September 11, 2008

Senators Propose Adding Ban on Secret Detentions to Defense Bill

Bipartisan Amendment Would Allow the Red Cross to Visit Detainees Held in U.S. Custody

Washington, D.C. – Four U.S. Senators have offered an amendment to the Fiscal Year 2009 Defense Authorization bill (S. 3001) that would provide the International Committee of the Red Cross (ICRC) access to detainees in custody of all U.S. intelligence agencies. The bipartisan amendment would effectively end the Bush Administration’s practice of secret detentions, which runs counter to the practice of our Armed Forces, our fundamental values, and international law.

This measure has also been approved by the Senate Select Committee on Intelligence as part of the Fiscal 2009 Intelligence Authorization Act, which awaits consideration by the full Senate. U.S. Senator Sheldon Whitehouse (D-RI), a member of the Committee, sponsored the amendment; Committee Chairman Jay Rockefeller (D-WV), Senator Dianne Feinstein (D-CA), and Senator Chuck Hagel (R-NE) cosponsored it.

“The Bush Administration’s practices with respect to detainees have caused lasting damage to America’s national security and influence around the world – and have not kept us safer,” said Whitehouse, a former U.S. Attorney and Attorney General for Rhode Island. “We need to put this right.”

Chairman Rockefeller said: “The national security of the United States is compromised and made weaker when we run a secret prison system closed to inspection. The security and safety of our men and women in uniform is paramount in our quest to destroy our enemies. We have learned in the years since 9/11 that secret prisons do not yield the results we need – they invite abuse of our own troops and must come to an end.”

“Secret detentions, like torture, are a violation of human rights and international law,” Senator Feinstein said. “This Administration, shortly after 9/11, decided to take the nation to the ‘Dark Side,’ a mistake that has cost us cooperation and support around the world in the fight against terrorism. Restoring access to detainees in U.S. custody ends the abhorrent practice of disappearances, starts to restore our moral standing, and strengthens our national security.”

Under the Geneva Conventions, the ICRC is charged with visiting detention facilities around the world, to ensure that prisoners of war and other detainees are treated with the respect and dignity mandated by international humanitarian law. In 2007, the ICRC visited 518,000 detainees in 77 countries. ICRC findings regarding conditions and treatment are treated confidentially and communicated only to the detaining authority.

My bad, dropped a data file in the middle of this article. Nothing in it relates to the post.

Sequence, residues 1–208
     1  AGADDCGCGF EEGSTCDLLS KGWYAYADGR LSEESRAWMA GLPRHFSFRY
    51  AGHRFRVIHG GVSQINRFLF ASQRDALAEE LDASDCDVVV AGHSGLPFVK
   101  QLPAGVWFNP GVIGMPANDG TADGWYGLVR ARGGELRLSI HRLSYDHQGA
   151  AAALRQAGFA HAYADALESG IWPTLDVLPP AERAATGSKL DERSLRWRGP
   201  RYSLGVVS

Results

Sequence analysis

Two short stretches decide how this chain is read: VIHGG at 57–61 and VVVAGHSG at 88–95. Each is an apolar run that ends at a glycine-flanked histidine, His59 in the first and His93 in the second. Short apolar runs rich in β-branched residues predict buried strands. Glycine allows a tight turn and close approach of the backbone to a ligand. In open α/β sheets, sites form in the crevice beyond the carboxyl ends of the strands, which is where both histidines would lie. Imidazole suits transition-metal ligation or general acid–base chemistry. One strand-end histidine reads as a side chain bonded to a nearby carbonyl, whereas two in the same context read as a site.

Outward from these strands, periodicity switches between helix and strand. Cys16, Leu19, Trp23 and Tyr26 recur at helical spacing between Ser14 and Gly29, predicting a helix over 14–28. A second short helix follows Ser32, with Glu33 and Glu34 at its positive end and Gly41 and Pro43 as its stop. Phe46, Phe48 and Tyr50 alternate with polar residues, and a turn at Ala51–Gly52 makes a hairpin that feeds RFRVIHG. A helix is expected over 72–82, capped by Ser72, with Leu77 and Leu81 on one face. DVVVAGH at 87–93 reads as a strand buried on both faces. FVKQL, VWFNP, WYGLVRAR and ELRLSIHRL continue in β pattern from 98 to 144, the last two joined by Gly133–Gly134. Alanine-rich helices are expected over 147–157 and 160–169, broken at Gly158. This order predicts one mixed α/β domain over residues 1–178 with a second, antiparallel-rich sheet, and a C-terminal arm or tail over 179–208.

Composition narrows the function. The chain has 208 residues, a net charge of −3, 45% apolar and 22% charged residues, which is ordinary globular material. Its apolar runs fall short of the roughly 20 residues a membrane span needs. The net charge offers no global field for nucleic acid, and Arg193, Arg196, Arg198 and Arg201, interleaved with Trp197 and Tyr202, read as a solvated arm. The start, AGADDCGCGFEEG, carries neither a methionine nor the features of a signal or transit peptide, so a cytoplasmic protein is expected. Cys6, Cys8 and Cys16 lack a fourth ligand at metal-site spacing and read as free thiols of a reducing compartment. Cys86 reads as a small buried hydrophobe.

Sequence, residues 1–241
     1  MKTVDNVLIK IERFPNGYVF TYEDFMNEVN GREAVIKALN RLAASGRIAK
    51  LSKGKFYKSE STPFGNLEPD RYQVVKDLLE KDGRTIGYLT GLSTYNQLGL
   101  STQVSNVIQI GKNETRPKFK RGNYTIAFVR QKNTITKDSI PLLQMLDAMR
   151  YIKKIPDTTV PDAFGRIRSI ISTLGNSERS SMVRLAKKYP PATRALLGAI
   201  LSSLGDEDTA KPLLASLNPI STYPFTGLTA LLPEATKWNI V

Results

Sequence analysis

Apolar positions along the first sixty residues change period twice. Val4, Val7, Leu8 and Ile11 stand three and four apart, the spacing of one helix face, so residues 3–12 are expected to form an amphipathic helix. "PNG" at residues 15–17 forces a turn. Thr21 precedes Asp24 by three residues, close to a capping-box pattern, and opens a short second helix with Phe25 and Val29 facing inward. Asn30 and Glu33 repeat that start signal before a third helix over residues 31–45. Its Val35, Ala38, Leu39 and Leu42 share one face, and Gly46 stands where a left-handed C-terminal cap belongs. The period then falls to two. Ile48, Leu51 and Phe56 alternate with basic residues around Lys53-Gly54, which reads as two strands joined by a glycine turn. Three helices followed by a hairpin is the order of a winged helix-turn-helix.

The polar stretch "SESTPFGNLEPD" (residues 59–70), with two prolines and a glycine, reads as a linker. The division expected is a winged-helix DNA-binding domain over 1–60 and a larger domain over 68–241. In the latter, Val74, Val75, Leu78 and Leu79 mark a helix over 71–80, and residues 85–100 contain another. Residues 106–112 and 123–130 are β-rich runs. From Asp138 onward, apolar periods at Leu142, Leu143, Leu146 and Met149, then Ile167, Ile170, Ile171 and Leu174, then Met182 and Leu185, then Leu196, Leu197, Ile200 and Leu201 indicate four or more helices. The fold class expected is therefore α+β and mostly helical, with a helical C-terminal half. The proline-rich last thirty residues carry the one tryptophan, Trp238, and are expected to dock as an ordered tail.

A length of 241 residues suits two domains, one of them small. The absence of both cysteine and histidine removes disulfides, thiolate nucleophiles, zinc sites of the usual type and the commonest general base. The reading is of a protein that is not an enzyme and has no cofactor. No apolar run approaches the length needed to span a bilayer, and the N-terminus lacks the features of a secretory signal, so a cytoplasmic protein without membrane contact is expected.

U.S. Defense Department policy holds that the ICRC is presumptively authorized access to prisoners of war and other military detainees, and the United States has long argued against incommunicado detention. To that end, the U.S. State Department has repeatedly criticized governments for engaging in “disappearances” in its annual human rights reports. But under the Bush Administration, the United States itself engaged in this practice.

By effectively eliminating secret detentions, this bipartisan amendment would make clear to the world community that America is acting in accordance with its obligations under international law. Adopting the measure would also strengthen America’s ability to advocate for the appropriate treatment of Americans detained overseas.

The amendment, filed yesterday, reads in part: “No funds authorized to be appropriated by this Act may be used to detain any individual who is in the custody or under the effective control of an element of the intelligence community or an instrumentality of such element unless the International Committee of the Red Cross is provided notification of the detention of such individual and access to such individual in a manner consistent with the practices of the Armed Forces.”

Whitehouse, Rockefeller, and Feinstein have also worked to require the CIA and all other U.S. intelligence agencies to follow the Army Field Manual’s protocols on interrogations, which would prohibit the use of waterboarding and other extreme interrogation techniques, and to prohibit contractors from carrying out interrogations on behalf of intelligence agencies. Both measures were incorporated into the FY09 Intelligence Authorization bill. The Army Field Manual provision passed Congress as part of the FY08 authorization bill, but was vetoed by President Bush earlier this year.


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